Consent to Search Must be Knowing and Voluntary
- July 22, 2012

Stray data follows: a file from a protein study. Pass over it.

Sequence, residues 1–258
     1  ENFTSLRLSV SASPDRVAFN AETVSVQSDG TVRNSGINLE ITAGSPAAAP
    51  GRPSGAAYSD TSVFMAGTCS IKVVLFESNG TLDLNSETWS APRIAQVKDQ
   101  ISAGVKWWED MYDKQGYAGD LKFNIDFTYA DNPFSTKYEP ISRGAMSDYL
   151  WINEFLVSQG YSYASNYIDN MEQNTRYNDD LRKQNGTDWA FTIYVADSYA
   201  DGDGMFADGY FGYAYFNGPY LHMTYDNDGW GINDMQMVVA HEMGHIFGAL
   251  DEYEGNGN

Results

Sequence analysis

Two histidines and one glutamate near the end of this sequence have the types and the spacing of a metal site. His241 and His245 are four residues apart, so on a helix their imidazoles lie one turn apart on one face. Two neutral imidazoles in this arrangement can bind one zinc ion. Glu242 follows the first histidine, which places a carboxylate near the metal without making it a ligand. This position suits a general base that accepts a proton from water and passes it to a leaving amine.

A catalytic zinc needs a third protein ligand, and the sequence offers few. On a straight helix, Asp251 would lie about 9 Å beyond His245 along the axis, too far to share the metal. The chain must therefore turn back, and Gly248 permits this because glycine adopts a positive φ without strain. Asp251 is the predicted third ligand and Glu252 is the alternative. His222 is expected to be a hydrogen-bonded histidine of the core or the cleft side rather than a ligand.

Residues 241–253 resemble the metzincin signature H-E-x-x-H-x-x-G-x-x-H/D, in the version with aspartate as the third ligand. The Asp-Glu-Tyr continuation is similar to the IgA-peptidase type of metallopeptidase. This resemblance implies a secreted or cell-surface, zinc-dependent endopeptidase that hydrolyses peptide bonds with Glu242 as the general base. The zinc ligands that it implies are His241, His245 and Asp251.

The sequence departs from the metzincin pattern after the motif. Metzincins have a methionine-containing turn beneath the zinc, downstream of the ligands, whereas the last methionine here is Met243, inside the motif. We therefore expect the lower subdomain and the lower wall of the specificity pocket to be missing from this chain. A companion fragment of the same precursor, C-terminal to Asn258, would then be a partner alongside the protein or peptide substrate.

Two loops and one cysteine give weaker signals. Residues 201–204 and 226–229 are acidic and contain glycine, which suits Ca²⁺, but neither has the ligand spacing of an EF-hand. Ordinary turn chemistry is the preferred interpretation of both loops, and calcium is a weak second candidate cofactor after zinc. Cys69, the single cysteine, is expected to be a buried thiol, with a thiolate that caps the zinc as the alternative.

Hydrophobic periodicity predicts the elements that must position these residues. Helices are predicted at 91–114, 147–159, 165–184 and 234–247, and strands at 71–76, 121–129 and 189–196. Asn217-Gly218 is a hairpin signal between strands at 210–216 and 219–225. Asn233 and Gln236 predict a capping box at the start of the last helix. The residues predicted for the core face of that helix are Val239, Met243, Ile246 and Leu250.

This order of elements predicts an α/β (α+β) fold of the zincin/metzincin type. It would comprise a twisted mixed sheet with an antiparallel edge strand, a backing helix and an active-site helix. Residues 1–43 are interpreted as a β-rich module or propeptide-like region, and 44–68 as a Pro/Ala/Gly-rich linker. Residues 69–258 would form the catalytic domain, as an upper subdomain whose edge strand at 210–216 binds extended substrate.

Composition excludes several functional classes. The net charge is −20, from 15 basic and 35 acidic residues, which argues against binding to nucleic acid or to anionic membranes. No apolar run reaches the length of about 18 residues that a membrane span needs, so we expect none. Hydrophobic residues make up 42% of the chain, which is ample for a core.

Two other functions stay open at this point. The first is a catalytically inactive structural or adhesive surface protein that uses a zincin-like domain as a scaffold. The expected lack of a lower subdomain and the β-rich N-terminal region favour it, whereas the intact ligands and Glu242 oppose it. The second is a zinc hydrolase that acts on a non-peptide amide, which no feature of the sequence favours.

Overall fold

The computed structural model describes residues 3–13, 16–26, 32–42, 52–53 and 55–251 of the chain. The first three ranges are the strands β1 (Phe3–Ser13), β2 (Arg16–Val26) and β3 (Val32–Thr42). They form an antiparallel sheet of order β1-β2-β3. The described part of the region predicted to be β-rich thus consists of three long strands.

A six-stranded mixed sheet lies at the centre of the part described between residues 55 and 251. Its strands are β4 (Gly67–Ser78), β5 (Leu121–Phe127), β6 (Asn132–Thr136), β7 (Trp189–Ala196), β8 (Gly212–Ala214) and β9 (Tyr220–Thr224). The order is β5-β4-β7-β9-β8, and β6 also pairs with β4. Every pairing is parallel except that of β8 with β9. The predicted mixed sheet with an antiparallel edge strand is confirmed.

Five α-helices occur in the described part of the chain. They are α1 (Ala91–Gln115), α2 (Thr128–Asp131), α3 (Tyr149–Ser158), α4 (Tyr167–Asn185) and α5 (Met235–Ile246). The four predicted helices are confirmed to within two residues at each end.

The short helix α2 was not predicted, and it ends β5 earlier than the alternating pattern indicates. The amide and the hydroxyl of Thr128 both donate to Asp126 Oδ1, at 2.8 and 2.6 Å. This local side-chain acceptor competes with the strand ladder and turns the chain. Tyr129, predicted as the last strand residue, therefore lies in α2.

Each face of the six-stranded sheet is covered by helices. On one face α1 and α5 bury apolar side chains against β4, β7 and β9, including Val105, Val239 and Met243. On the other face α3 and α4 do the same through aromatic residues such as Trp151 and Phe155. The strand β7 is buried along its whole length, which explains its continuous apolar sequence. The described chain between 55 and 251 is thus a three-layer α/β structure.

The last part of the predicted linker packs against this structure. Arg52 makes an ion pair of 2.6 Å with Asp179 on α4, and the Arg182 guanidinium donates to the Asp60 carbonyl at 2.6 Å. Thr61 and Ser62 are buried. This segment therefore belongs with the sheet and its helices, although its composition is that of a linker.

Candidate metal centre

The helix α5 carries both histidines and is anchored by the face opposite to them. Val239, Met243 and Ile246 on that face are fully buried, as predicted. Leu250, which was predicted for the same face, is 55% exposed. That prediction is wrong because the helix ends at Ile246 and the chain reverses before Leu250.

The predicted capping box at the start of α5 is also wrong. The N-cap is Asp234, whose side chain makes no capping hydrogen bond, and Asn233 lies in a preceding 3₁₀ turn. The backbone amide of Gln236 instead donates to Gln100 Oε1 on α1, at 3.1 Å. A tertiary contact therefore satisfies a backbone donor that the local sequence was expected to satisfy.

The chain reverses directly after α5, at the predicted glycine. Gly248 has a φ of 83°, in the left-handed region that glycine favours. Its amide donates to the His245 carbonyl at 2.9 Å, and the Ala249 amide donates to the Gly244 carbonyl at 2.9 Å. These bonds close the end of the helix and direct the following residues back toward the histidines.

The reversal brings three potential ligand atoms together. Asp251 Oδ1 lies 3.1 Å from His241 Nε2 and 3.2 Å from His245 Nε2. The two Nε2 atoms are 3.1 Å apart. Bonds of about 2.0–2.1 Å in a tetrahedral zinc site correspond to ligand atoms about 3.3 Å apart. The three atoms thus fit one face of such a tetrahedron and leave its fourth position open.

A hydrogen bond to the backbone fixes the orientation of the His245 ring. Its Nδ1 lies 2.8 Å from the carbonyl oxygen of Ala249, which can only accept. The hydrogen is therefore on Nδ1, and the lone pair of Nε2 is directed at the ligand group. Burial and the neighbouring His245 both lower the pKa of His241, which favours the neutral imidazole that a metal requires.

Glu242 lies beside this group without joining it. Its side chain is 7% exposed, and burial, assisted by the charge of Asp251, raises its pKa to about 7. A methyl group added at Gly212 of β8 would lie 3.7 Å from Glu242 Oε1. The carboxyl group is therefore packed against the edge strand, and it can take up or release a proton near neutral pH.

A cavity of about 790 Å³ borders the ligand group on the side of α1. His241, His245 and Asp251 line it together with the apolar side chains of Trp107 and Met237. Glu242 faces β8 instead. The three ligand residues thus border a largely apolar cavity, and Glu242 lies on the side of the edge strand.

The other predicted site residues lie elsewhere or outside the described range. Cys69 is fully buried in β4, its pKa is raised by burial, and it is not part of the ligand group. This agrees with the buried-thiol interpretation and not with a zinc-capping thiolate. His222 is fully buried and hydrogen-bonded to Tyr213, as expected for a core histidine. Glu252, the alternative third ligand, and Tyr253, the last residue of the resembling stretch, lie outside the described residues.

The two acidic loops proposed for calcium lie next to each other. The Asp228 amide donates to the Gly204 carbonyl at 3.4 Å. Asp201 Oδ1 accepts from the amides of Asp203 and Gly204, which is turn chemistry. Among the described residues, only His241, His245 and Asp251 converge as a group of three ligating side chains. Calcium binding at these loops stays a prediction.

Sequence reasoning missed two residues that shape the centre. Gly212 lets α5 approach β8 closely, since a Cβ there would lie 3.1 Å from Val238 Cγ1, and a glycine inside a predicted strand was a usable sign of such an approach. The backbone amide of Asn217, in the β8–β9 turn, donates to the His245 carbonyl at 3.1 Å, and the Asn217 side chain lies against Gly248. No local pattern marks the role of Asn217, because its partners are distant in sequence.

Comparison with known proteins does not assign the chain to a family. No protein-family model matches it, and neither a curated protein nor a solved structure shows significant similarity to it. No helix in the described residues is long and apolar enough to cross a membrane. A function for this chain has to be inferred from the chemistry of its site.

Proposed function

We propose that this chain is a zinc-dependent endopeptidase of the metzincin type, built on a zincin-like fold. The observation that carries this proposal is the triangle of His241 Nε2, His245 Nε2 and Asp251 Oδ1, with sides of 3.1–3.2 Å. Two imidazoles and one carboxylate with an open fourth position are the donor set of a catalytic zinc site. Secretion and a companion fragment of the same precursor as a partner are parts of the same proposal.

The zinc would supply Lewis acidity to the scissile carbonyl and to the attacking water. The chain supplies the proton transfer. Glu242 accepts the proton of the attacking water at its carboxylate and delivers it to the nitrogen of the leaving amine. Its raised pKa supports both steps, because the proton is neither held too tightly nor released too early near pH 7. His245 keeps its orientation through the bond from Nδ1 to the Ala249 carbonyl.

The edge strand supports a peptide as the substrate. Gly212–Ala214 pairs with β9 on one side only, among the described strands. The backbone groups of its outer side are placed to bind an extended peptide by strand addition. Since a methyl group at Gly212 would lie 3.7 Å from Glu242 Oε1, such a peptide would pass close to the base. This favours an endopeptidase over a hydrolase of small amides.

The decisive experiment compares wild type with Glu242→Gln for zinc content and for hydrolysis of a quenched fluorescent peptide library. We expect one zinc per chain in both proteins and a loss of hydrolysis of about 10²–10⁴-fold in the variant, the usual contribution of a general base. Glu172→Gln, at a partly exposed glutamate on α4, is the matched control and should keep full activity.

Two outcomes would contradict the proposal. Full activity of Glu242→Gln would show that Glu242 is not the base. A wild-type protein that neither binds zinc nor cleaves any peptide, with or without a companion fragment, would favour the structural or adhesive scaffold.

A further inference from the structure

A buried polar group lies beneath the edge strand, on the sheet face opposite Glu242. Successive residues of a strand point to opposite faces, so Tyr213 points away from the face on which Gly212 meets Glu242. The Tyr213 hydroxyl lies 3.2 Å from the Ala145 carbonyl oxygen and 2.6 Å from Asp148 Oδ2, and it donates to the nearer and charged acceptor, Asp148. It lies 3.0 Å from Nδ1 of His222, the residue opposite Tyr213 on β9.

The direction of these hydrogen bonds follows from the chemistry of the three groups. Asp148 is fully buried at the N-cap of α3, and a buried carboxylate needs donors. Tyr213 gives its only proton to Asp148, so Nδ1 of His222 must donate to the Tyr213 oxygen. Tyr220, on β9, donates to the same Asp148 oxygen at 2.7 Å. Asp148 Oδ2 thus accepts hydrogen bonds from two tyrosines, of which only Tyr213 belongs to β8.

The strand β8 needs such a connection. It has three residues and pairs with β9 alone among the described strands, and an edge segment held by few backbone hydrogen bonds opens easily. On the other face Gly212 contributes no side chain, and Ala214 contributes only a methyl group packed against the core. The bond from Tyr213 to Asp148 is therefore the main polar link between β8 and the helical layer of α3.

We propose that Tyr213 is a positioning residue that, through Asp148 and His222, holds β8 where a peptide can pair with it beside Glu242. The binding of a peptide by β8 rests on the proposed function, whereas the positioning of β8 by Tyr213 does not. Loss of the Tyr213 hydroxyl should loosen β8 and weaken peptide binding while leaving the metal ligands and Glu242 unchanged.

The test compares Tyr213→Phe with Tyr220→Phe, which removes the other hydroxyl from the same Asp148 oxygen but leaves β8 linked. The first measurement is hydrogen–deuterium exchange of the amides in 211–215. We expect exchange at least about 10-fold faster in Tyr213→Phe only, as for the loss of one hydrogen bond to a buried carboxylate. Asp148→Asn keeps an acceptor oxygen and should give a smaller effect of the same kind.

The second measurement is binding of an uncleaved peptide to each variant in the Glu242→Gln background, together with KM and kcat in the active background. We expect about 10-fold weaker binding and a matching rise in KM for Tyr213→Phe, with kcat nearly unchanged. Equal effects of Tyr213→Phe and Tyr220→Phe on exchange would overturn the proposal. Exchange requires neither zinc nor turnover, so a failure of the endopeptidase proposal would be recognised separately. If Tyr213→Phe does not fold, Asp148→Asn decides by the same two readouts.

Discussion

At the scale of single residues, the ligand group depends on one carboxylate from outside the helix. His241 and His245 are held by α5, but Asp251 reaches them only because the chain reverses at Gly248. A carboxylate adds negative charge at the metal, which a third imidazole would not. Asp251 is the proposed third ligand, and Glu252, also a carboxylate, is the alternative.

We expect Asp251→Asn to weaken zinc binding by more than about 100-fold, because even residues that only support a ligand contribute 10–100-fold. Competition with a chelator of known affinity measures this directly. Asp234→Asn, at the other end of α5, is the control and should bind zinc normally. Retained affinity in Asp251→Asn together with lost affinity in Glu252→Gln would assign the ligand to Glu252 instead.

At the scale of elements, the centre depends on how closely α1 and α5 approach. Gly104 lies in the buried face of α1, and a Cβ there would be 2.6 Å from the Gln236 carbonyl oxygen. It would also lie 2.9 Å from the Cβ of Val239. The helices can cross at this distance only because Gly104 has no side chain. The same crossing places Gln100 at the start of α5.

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In New Jersey, consent to search is a long-established exception to the requirement that police obtain a search warrant prior to entering a residence with the purpose of searching for contraband or evidence of a crime. A critical component of consent is knowledge of the right to refuse consent. Three other critical component required to render a consent search valid are 1) defendant’s right to be present during the search; 2) notification to defendant by police of defendant’s right to limit the scope of the search and; 3) defendant’s notification by police of his right to withdraw consent at any time during the search. If you volunteer information about contraband or evidence of a crime without them asking you waive your rights to the constitutional protections afforded to you and eliminate the requirement that police obtain a warrant. If police suggest to you that they will be seeking a search warrant, they are essentially seeking your consent to search without advising your of your rights to refuse, be present or stop the search at any time. Additionally, if they ask how to enter into a structure or object they are seeking consent to enter place or look inside the item without advising you of your rights. Finally, if you are secured in an area where you may not see the search in order to insure it is limited to the areas you consented to, or you are not in proximity to advise them to stop the search, your rights are being violated. Any search which violates your rights is illegal under the constitution and evidence obtained from such a search is subject to suppression. In the event you are charged with a crime in which you believe an illegal search occurred you should seek an experienced criminal law attorney immediately to insure your rights are protected. For more information on search and seizure or other criminal law matters in NJ visit HeatherDarlingLawyer.com.